The Lancashire Hustlers are big favourites here at Harmonic Distortion. They comprise of Ian Pakes and Brent Thorley, a pair of songwriting musicians originally from Southport, who now live and work in London. Their work exists outside of prevailing fashions, and is instantly recognisable due to the duo's vocal harmony blend. They're also adept at arrangements, textures and instrumentation. Where the pair really excel however is in their songwriting. Previously they've addressed ruthless ambition, politics, corporate greed, the building of the Titanic, travel, the difficulties of art appreciation, and plenty more besides.
latest album, Big Ask, came out about a month and a half ago, since when it's been a
welcome companion on my daily commute to work. This time round
they've not opted for the kind of grand conceptual theme that formed the basis of their earlier
pop opera albums - there's no overarching narrative or storline. Instead it's an inward journey, with songs addressing the
elusive nature of love and happiness. These are sophisticated songs, born of the
big city, yet yearning for a simplification. In
short they strip away at all that's unnecessary, and
focus on the stuff that really matters - love, truth, beauty. It's a
thread that runs through all the songs on Big Ask, whether wishing for
passion ('Your Cool Reactions', 'You Who Only Play at Love'), lamenting joy's fleeting nature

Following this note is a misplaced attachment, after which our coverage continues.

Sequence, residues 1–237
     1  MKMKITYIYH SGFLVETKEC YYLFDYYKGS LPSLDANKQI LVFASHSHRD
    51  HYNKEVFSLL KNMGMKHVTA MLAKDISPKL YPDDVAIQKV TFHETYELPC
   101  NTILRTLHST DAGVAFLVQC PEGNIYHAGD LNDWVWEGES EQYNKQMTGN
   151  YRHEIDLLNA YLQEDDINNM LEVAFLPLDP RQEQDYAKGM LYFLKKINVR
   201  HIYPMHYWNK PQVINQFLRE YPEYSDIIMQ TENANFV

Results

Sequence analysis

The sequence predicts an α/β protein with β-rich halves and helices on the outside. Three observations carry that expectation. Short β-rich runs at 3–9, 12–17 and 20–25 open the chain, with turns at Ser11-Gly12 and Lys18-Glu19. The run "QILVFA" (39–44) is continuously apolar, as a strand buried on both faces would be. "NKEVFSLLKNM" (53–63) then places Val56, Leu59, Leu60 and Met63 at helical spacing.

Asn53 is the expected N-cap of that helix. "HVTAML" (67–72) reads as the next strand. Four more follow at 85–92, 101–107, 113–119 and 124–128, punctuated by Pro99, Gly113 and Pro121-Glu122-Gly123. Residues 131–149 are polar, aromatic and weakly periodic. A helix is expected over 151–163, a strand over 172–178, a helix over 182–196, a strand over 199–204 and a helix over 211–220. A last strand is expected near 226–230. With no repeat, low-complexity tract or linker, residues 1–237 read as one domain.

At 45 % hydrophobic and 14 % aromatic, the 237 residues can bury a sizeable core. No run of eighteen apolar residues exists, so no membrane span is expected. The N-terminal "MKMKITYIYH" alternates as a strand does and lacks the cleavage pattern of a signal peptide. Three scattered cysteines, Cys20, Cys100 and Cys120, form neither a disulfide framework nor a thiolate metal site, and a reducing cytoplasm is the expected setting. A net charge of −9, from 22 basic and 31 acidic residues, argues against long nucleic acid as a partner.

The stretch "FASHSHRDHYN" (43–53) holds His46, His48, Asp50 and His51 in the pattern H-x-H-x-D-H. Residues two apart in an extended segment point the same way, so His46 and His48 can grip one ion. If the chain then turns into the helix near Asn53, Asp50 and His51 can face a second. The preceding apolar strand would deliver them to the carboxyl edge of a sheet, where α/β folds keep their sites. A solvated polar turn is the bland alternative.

('Happiness On a String') or appreciating the sublime beauty of the
natural world ('Bluebell Painter'). They lay
the writers' hearts on the line and wish that others could do the
same. A big ask indeed.
of the Lancashire Hustlers' key influences is Ray Davies of The
Kinks. Much like the best of Davies' songs, the songs on Big Ask have a slightly removed, keen sense of observation. Whether
deliberate or not the back cover image on Big Ask lends
weight to this theory of Pakes and Thorley as observers. It's a photograph of the pair in a tile-walled cafe, drinking tea, their
attention and eyes focussed on something happening across the room
and out of shot. Who knows, perhaps what they're witnessing will
feature in one of their future songs. I'd like to think so.
Anyhow, enough theorising, I'll leave you with that thought, because right now I'm off to press play again.